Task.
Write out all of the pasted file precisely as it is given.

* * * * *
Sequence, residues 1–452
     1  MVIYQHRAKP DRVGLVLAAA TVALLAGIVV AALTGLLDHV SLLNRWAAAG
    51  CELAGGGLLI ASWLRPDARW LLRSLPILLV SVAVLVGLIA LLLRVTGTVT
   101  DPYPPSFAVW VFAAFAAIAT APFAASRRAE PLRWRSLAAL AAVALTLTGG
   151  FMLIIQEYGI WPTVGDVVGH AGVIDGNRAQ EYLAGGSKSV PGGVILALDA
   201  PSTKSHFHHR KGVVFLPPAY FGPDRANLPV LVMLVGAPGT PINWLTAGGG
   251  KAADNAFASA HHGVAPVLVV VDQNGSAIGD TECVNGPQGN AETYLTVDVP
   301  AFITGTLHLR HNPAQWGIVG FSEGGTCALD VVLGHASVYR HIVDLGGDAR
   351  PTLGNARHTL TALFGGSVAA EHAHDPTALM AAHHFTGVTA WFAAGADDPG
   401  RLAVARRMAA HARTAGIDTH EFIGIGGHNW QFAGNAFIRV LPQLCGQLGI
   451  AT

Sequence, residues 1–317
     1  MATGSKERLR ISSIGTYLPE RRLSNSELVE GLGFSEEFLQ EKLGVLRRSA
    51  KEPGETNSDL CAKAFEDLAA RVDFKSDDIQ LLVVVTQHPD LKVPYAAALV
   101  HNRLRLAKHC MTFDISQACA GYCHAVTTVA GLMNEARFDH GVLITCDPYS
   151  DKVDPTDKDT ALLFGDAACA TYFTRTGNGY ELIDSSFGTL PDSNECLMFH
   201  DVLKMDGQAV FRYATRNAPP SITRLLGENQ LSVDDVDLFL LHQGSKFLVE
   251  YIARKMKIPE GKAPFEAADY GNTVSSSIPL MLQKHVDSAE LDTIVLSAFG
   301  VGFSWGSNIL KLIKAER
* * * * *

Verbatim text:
Sequence, residues 1–452
     1  MVIYQHRAKP DRVGLVLAAA TVALLAGIVV AALTGLLDHV SLLNRWAAAG
    51  CELAGGGLLI ASWLRPDARW LLRSLPILLV SVAVLVGLIA LLLRVTGTVT
   101  DPYPPSFAVW VFAAFAAIAT APFAASRRAE PLRWRSLAAL AAVALTLTGG
   151  FMLIIQEYGI WPTVGDVVGH AGVIDGNRAQ EYLAGGSKSV PGGVILALDA
   201  PSTKSHFHHR KGVVFLPPAY FGPDRANLPV LVMLVGAPGT PINWLTAGGG
   251  KAADNAFASA HHGVAPVLVV VDQNGSAIGD TECVNGPQGN AETYLTVDVP
   301  AFITGTLHLR HNPAQWGIVG FSEGGTCALD VVLGHASVYR HIVDLGGDAR
   351  PTLGNARHTL TALFGGSVAA EHAHDPTALM AAHHFTGVTA WFAAGADDPG
   401  RLAVARRMAA HARTAGIDTH EFIGIGGHNW QFAGNAFIRV LPQLCGQLGI
   451  AT

Sequence, residues 1–317
     1  MATGSKERLR ISSIGTYLPE RRLSNSELVE GLGFSEEFLQ EKLGVLRRSA
    51  KEPGETNSDL CAKAFEDLAA RVDFKSDDIQ LLVVVTQHPD LKVPYAAALV
   101  HNRLRLAKHC MTFDISQACA GYCHAVTTVA GLMNEARFDH GVLITCDPYS
   151  DKVDPTDKDT ALLFGDAACA TYFTRTGNGY ELIDSSFGTL PDSNECLMFH
   201  DVLKMDGQAV FRYATRNAPP SITRLLGENQ LSVDDVDLFL LHQGSKFLVE
   251  YIARKMKIPE GKAPFEAADY GNTVSSSIPL MLQKHVDSAE LDTIVLSAFG
   301  VGFSWGSNIL KLIKAER